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+1 Solely for the awesome title. :) –  Shauna Jun 16 '11 at 17:12
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It concerns me how specific your particular method of execution is –  Mark Henderson Jun 17 '11 at 1:22
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Oh, @Wilshire, you're no fun. –  larsks Jun 17 '11 at 18:22

1 Answer 1

Why, hello there Lars! That's a fascinating question you've asked, and after some research I may have found an answer for you.

According to this and other posts out there, it may be possible to set the VFCF_JAIL attribute on the NFS filesystem provider, which would in theory allow jails to perform NFS mounts. This may, in turn, allow one to run amd inside the jail...which would neatly solve this issue.

I'll try rebuilding the kernel this evening to see how things work out. It's not necessarily the greatest solution (since it means you need to make sure this change persists across future kernel updates), but it would be interesting if it works.

And remember...

           ___________    ____                                           
    ______/   \__//   \__/____\                             
  _/   \_/  :           //____\\                             
 /|      :  :  ..      /        \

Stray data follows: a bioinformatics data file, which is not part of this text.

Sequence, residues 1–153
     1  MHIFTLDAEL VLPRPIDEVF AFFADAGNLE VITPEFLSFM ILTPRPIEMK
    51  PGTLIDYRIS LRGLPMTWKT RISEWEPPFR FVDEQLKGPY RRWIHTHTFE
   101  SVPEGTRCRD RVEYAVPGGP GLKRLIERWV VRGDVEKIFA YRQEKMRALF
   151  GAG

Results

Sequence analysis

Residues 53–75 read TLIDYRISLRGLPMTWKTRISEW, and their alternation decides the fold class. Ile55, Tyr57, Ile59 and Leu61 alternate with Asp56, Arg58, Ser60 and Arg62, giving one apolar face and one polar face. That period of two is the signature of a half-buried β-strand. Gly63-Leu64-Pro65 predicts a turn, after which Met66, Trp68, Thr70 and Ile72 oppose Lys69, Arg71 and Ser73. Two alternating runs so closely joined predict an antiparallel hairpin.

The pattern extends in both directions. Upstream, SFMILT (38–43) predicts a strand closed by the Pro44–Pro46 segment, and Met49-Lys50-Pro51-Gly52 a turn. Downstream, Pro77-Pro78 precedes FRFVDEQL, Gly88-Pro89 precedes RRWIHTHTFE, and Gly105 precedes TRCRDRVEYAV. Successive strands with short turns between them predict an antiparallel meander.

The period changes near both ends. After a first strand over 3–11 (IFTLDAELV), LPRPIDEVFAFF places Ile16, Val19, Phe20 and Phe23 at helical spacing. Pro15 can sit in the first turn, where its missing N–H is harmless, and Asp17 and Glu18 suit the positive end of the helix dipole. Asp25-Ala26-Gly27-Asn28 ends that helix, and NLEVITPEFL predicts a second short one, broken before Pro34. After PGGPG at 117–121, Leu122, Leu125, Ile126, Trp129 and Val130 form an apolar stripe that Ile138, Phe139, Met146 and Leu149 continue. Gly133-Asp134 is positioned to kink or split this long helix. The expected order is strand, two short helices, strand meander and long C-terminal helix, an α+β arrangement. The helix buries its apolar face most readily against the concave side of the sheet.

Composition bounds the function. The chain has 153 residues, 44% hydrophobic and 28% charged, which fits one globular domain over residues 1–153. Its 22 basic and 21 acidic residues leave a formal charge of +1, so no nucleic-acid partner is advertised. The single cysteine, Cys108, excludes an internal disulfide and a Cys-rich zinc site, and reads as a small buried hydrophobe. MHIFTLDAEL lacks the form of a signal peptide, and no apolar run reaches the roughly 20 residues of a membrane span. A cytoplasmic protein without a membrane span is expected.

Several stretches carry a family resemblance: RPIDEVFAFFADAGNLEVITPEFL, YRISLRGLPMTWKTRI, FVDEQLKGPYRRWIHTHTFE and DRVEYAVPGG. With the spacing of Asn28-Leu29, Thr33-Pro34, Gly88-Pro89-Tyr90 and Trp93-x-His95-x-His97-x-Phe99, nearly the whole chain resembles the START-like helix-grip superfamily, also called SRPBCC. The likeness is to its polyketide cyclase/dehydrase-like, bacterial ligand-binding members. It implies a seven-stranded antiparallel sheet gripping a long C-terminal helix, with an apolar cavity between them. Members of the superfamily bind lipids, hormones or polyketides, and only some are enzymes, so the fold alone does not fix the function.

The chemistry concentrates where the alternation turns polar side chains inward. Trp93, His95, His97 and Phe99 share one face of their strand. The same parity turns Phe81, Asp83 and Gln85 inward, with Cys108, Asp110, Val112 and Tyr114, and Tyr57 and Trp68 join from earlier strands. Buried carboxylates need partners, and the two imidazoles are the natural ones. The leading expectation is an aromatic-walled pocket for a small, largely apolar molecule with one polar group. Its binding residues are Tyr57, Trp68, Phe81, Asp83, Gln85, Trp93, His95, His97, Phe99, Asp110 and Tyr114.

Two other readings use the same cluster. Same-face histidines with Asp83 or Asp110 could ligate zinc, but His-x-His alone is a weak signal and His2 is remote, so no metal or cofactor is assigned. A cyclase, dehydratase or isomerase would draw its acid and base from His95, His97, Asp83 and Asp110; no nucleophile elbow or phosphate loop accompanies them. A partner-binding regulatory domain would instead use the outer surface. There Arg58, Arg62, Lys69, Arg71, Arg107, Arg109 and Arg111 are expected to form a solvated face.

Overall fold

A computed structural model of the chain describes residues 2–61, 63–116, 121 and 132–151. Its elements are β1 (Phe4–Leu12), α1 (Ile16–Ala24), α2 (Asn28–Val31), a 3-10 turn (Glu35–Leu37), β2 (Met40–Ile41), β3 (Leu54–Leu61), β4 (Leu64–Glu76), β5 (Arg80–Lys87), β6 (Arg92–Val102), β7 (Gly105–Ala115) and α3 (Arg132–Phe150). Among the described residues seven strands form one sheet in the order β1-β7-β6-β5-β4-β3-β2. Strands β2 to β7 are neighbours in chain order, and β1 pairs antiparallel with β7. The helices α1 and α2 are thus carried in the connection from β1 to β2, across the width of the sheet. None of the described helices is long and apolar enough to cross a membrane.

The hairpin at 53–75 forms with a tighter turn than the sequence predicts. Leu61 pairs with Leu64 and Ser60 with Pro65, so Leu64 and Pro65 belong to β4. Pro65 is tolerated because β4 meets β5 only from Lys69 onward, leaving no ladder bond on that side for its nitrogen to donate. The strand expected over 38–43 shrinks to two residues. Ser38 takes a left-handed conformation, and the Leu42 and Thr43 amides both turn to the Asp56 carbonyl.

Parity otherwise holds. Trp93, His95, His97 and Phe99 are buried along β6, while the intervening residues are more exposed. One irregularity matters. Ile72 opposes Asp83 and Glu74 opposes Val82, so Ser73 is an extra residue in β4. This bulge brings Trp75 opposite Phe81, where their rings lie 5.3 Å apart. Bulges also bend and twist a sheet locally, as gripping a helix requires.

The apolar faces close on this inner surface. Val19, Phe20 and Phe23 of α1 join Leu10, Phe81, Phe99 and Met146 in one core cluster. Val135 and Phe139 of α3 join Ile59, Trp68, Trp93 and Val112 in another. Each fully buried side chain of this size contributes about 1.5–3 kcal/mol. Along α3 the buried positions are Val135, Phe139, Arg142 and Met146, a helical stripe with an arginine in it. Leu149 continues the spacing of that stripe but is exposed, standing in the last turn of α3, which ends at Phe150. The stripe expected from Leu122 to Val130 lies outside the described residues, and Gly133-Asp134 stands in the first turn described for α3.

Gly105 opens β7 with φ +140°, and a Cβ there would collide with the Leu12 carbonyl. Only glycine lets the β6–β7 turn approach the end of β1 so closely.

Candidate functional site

| |     ::     ::      \        /                             
| |     :|     ||     \ \______/     Don't try to rebuild the
| |     ||     ||      |\  /  |        kernel remotely because
 \|     ||     ||      |   / | \         you know you're just
  |     ||     ||      |  / /_\ \        going to hose the server.
  | ___ || ___ ||      | /  /    \    
   \_-_/  \_-_/ | ____ |/__/      \   
                _\_--_/    \      /   
               /____             /  
              /     \           /    
              \______\_________/     
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Thanks, Lars; I wish I had taken your advice, because now I can't access the server and I'll have to wait until I get home to try this out. –  larsks Jun 17 '11 at 19:52
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+1 for the LOLs. Also consider this a right of passage - Driving out to your server in the middle of the night to boot KERNEL.OLD (or KERNEL.GENERIC - You do keep an up-to-date GENERIC on your systems, right? If not, you should start.) teaches many lessons... –  voretaq7 Jun 17 '11 at 20:36
    
I keep a net-bootable copy of mfsbsd handy, too, which has saved me from a number of boot-loader related problems. –  larsks Jun 17 '11 at 20:45
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Setting VFCF_JAIL made NFS mounts work, but the automounter continues to bedevil me. –  larsks Jun 19 '11 at 12:47
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Eh, I've been using automount for home directories for better than a decade in various environments and I've been happy with it. Mind you, this is the Linux (and Solaris) automounter, not amd. –  larsks Jun 20 '11 at 19:39